Martha Thomas remembers the moment specifically. Any mother would. It was exactly where she never wanted to be. She was gathered with her three children and trying to find a way to share some awful news.
Martha’s ex-husband, the father of Tony, Matt and Josie, had committed suicide.
It was a scary enough word and scary enough reality for Martha, let alone a seventh-, fifth- and second-grader to have to accept in that room at their home in Onalaska.
“It was such a hard thing to explain to them,” Martha said. “One of the hardest parts was that he used to always take Josie out for her birthday, and the next day was her birthday.
“She said, ‘I guess I won’t get to go on any more birthday dates,’ and that was so hard to hear.”
Martha thought that Matt, then a fifth-grader, had the closest relationship with his dad.
“He was crying, and it hit him pretty hard,” Martha said of Matt, now an All-State junior guard for the Onalaska High School basketball team. “I think it was the toughest on him because of his age and because they were so close.”
But that moment also may have made the four of them much closer than they already were.
Martha started limiting some of the time her kids spent with their friends, not to shelter them, but to strengthen the bond at home.
“She really kept us together a lot,” Tony said. “There were a lot of times where we wanted to go do something on our own, and she’d say, ‘No, let’s spend time as a family.’
“We stuck together and were there for each other, and that got us through it.”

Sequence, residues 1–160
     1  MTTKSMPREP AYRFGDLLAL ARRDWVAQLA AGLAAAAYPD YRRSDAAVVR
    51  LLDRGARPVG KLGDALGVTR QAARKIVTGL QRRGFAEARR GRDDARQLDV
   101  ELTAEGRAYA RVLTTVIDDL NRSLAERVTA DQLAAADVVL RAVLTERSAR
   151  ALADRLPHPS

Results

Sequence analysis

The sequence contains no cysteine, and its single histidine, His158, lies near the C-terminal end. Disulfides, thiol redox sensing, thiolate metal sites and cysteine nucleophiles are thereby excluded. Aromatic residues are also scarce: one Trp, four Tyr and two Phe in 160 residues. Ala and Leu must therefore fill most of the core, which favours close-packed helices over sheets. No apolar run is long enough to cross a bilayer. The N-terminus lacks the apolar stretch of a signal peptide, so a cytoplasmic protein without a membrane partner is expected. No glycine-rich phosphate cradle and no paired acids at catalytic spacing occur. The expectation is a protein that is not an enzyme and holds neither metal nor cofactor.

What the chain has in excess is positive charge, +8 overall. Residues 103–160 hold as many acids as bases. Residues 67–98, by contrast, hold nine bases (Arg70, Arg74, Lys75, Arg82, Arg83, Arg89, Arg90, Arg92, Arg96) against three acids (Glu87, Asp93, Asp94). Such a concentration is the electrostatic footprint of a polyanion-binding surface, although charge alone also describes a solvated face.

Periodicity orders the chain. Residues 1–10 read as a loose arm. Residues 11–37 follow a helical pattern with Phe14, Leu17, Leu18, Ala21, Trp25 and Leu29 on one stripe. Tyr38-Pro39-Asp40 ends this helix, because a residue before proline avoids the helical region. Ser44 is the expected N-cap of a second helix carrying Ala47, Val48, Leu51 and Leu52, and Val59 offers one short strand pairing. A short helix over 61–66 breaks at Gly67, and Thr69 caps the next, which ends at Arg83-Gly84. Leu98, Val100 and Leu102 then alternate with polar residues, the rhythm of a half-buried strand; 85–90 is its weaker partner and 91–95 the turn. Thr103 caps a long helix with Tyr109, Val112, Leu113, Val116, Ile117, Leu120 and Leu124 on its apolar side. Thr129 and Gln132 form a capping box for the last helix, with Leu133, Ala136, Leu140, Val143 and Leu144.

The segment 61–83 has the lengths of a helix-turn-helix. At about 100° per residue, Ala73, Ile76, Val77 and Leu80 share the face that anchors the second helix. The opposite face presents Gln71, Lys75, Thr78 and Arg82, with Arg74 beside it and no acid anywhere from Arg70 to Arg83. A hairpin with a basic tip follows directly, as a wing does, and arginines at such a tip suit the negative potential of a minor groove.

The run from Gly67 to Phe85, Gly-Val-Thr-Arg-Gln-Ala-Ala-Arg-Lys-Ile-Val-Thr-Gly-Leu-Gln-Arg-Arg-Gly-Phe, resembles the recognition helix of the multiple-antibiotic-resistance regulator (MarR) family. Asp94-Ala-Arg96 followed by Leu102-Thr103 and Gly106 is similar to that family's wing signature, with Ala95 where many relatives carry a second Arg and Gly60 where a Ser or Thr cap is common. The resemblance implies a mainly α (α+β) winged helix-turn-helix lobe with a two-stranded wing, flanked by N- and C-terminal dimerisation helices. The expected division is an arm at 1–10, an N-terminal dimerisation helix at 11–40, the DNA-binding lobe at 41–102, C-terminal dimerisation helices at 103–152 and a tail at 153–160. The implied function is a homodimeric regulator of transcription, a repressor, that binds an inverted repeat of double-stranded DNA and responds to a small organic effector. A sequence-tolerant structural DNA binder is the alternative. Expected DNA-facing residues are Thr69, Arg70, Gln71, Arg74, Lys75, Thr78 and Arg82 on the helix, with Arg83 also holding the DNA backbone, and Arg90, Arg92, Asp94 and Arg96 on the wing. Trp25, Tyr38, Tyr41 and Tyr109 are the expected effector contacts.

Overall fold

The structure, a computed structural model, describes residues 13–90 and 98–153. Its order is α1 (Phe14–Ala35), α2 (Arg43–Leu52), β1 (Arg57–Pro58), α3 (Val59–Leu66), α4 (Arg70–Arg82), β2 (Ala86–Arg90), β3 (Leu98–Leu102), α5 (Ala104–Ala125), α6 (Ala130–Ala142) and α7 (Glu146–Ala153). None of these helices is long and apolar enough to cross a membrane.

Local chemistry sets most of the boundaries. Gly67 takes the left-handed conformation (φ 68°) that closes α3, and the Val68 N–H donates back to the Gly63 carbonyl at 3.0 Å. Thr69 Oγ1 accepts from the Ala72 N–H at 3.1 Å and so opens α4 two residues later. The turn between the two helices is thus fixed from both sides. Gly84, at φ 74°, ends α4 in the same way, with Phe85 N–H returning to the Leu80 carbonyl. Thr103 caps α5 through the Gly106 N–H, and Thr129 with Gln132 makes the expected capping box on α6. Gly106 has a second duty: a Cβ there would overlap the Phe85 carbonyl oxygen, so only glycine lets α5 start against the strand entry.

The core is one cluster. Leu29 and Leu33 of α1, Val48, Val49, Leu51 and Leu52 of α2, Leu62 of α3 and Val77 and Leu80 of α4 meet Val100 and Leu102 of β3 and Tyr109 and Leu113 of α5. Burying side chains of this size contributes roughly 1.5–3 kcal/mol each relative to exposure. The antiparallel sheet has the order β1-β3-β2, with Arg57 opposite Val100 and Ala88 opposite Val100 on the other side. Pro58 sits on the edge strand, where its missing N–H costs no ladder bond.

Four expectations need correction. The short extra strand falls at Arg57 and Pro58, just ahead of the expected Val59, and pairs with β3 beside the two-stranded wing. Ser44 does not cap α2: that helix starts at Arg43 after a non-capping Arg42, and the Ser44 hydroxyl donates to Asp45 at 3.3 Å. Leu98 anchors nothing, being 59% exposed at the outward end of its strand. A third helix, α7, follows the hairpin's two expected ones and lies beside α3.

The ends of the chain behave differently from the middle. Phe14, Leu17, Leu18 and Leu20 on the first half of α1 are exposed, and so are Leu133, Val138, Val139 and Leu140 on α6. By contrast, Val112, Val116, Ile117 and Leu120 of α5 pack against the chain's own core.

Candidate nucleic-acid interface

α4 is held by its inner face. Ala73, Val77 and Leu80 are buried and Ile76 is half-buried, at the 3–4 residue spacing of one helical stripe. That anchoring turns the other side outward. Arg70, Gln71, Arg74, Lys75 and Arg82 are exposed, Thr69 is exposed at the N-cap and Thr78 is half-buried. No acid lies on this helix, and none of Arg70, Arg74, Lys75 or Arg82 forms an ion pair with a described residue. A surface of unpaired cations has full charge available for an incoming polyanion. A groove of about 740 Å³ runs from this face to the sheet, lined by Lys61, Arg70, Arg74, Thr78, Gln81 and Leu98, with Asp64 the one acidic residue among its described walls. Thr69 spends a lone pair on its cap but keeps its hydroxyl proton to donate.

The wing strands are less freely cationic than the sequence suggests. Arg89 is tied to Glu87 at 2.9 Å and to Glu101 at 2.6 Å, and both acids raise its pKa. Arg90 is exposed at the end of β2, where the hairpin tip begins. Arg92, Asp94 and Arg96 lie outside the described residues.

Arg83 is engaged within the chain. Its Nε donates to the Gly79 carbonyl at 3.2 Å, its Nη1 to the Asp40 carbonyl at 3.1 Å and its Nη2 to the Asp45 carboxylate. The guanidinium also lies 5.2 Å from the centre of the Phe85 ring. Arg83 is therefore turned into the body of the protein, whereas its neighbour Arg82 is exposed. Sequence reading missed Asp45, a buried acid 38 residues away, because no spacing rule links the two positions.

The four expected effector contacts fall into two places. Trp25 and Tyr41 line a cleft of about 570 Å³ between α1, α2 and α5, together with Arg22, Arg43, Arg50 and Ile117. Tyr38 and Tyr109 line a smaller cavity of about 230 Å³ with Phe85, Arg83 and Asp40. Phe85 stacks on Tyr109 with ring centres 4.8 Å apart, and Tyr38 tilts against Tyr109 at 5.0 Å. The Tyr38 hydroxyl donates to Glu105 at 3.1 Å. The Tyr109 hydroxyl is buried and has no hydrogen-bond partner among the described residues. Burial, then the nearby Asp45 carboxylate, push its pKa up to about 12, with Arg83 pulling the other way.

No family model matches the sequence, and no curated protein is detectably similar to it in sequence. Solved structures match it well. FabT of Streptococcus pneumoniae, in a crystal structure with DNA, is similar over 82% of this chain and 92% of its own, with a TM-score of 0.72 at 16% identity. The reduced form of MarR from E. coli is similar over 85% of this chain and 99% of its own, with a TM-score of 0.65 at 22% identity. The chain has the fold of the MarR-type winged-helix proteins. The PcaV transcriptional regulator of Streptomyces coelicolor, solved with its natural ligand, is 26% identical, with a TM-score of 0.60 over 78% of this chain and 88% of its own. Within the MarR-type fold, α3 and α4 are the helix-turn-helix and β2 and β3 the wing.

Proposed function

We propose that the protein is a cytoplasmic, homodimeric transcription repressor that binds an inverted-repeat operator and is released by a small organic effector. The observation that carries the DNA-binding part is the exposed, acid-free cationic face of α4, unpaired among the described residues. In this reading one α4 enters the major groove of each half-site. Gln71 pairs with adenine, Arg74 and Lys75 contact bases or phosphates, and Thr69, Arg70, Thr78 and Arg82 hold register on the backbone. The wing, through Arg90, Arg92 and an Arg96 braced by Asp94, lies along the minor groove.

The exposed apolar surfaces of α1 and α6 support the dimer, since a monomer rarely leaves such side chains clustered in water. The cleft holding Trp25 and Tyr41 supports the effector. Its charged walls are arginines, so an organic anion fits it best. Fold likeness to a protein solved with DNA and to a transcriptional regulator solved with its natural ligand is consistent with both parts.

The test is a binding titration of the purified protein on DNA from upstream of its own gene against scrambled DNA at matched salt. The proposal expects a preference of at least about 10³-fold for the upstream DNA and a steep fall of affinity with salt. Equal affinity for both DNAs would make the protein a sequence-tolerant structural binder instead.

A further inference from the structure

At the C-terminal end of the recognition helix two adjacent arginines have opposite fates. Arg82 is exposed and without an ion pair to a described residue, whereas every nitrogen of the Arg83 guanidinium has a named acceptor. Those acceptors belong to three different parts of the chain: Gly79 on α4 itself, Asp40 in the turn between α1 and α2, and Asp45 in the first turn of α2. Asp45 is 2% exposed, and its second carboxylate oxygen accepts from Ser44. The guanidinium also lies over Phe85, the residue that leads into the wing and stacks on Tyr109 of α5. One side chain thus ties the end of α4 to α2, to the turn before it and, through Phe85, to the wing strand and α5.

As Matt’s involvement with athletics grew, so did relationships with other families in Onalaska.
He said he reached out to find support there, too.
“We were close; he was my dad,” Matt said. “But there have been a lot of people in my life, like friends’ parents and stuff, who have been there for me.
“That’s been very cool, and I look up to people like that.”
The basketball community in Onalaska is a tight one, and Martha and her children have always fit in with it very well.
That, more than anything, probably explains the kind of person Matt has become.
He’s currently being pursued by some pretty big NCAA Division I universities for his basketball skills.
That kind of national attention could make Matt unapproachable, but he isn’t.
It could turn him into an insufferable egomaniac, but it hasn’t.
The way he carries himself on the court and off of it has a lot to do with the last six years of family bonding that has taken place.
Try going to Onalaska and starting up a conversation about Matt’s basketball skills with anyone in the basketball community.
It won’t take more than a minute or two before you are asked a question of your own and receive a variation of the same observation.
“Have you met Martha?” they will ask. “Boy, what a great family.”
Growth in the game
Martha said she could see something special in Matt’s basketball skills as early as 4 years old and maybe sooner.
Matt, a member of the AP All-State third team a year ago, didn’t really start to feel like he was a special player until he was in sixth or seventh grade.
“That’s when I thought I had a chance to be one of the best players on my team and in the area,” Matt said. “That’s when I started to work really hard on getting better.
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“I still do that.”
He caught his mom’s eye with his ability to dribble. Soon, his shooting ability convinced her that he was going somewhere with the sport.